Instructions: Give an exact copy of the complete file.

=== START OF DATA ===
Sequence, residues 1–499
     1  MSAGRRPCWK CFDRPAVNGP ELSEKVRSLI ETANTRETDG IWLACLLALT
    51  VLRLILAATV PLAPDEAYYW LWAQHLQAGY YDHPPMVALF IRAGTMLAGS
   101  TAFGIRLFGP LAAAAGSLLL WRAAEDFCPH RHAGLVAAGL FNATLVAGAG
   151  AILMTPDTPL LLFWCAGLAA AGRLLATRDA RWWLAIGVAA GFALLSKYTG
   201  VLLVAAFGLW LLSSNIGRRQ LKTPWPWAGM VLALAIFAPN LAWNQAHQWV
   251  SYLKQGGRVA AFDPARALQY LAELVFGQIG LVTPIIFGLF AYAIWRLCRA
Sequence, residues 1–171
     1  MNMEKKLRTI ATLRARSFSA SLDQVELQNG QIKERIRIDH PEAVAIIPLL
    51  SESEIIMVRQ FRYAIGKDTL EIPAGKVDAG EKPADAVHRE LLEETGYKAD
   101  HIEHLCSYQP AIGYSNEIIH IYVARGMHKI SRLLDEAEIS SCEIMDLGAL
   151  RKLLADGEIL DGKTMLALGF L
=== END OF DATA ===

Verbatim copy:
Sequence, residues 1–499
     1  MSAGRRPCWK CFDRPAVNGP ELSEKVRSLI ETANTRETDG IWLACLLALT
    51  VLRLILAATV PLAPDEAYYW LWAQHLQAGY YDHPPMVALF IRAGTMLAGS
   101  TAFGIRLFGP LAAAAGSLLL WRAAEDFCPH RHAGLVAAGL FNATLVAGAG
   151  AILMTPDTPL LLFWCAGLAA AGRLLATRDA RWWLAIGVAA GFALLSKYTG
   201  VLLVAAFGLW LLSSNIGRRQ LKTPWPWAGM VLALAIFAPN LAWNQAHQWV
   251  SYLKQGGRVA AFDPARALQY LAELVFGQIG LVTPIIFGLF AYAIWRLCRA
Sequence, residues 1–171
     1  MNMEKKLRTI ATLRARSFSA SLDQVELQNG QIKERIRIDH PEAVAIIPLL
    51  SESEIIMVRQ FRYAIGKDTL EIPAGKVDAG EKPADAVHRE LLEETGYKAD
   101  HIEHLCSYQP AIGYSNEIIH IYVARGMHKI SRLLDEAEIS SCEIMDLGAL
   151  RKLLADGEIL DGKTMLALGF L